For years, I’ve delved into scientific literature highlighting the benefits of ‘Brain Training’ within sports. However, not everyone concurs with these findings. Dive into Ian Renshaw’s comprehensive research to get an unfiltered view on this.Read more: The Debates and Implications of Brain Training in Sports
Decoding Perceptual & Cognitive Training:
Perceptual and cognitive training are terms I frequently encounter. Simplified, they target enhancing visual perceptions and decision-making. Athletes, coaches, and clubs are constantly in pursuit of methods granting them a slight edge. Numerous companies have indeed designed computer games with the aim of making players smarter and more alert. These brain game effects can be found extensively in scientific databases. Yet, skepticism towards such brain training is also escalating.
A Deep Dive into Renshaw’s Research:
Ian Renshaw, from Queensland University in Australia, co-authored a revealing book titled “Nonlinear pedagogy in skill acquisition: an introduction.” In his recent research, Renshaw, alongside his team, centers on the outcomes of digital brain trainings in sports. It’s predicted that by 2021, the market for generic cognitive trainers will reach a staggering $8 billion. I recently penned a blog addressing the transfer value of digital cognitive trainers in sports. A focal point of this blog revolved around the transition between these digital cognitive trainers and real-world applications. Renshaw seeks to deepen our understanding of this transition.
Ecological Dynamics: The Core Concept:
A critical term Renshaw employs is ‘Ecological Dynamics.’ This encompasses the relationship between perception, action, cognition, and how it interacts with the athlete, task, and environment. Adapting to dynamic situations is crucial in many sports. By this, Renshaw alludes to an athlete’s adaptability to continually shifting tasks and environments. An athlete’s environment and individuality (both body and brain) are interlinked during training and matches. Contrary to many brain trainers focusing on specific elements, from an ecological dynamics perspective, training just the eyes and brain appears limited. More is required than mere eye movements and pressing buttons, according to Renshaw. Instead, it’s about addressing the athlete as a whole rather than isolated body parts.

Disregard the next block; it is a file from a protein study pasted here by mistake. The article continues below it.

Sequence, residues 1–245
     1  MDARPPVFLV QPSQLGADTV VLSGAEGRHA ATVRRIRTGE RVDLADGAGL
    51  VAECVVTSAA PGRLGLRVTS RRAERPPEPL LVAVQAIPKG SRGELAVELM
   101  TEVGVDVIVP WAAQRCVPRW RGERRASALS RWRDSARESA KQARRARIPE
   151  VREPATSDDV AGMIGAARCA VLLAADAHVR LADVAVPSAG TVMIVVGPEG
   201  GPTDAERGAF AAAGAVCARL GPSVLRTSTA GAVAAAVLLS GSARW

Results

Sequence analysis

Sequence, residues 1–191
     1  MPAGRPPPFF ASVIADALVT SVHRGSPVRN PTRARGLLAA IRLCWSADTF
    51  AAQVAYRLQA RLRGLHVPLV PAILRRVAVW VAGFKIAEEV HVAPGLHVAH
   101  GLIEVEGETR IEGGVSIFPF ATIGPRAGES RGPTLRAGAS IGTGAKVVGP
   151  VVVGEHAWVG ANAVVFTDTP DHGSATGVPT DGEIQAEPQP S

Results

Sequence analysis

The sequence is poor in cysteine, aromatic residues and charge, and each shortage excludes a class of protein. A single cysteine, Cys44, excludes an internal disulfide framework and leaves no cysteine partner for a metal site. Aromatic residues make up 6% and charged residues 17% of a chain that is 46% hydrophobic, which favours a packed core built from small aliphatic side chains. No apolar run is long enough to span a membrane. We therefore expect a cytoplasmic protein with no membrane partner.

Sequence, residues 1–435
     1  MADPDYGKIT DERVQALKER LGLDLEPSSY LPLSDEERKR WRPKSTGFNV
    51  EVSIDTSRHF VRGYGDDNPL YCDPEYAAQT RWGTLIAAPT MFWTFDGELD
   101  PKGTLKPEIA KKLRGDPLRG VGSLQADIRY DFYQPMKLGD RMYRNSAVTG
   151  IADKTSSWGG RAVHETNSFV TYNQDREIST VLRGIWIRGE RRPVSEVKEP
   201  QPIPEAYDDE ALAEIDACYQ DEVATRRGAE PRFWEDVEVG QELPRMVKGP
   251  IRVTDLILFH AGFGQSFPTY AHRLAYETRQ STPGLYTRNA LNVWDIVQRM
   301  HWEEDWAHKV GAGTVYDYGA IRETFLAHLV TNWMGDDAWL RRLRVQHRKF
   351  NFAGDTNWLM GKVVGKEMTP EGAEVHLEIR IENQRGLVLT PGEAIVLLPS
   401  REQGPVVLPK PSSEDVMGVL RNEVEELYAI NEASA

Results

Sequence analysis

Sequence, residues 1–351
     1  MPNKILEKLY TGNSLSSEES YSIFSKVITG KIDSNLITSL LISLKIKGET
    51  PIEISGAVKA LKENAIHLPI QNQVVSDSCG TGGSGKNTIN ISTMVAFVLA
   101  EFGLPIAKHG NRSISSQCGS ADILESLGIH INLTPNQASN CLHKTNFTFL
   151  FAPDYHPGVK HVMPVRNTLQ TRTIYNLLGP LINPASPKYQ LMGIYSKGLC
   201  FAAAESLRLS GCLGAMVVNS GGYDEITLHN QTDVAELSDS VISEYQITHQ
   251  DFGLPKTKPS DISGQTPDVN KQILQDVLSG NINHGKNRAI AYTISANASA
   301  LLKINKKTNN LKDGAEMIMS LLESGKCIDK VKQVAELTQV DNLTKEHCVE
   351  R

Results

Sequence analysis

Challenging the Status Quo of Brain Training:
Brain trainers predominantly aim to elevate specific cognitive functions. The premise is that these enhanced cognitive skills will then guide the body towards success. Nonetheless, as Renshaw points out, empirical evidence supporting this theory remains elusive. I concur with Renshaw’s findings, as evidenced by our study with MVV’s first team. Players underwent a 5-week Cogmed working memory training, and my role was to assess its transfer to the football field. Sadly, tangible results were scarce. What this research underscores is that reliance solely on specific brain training – be it a computer game or an explicit field training using SMARTGOALS – isn’t enough. For genuine improvement, environmental factors, including challenges and tasks, must be considered.
This study has once again ignited my reflections. The cognitive domain continually captivates me. Renshaw’s critical research serves as a stark reminder: the label of ‘specific brain training’ should be applied with caution, as it raises the question – are we genuinely training what we aim for?
Renshaw I, Davids K, Araújo D, Lucas A, Roberts WM, Newcombe DJ and Franks B (2019) Evaluating Weaknesses of “Perceptual-Cognitive Training” and “Brain Training” Methods in Sport: An Ecological Dynamics Critique. Front. Psychol. 9:2468. doi: 10.3389/fpsyg.2018.02468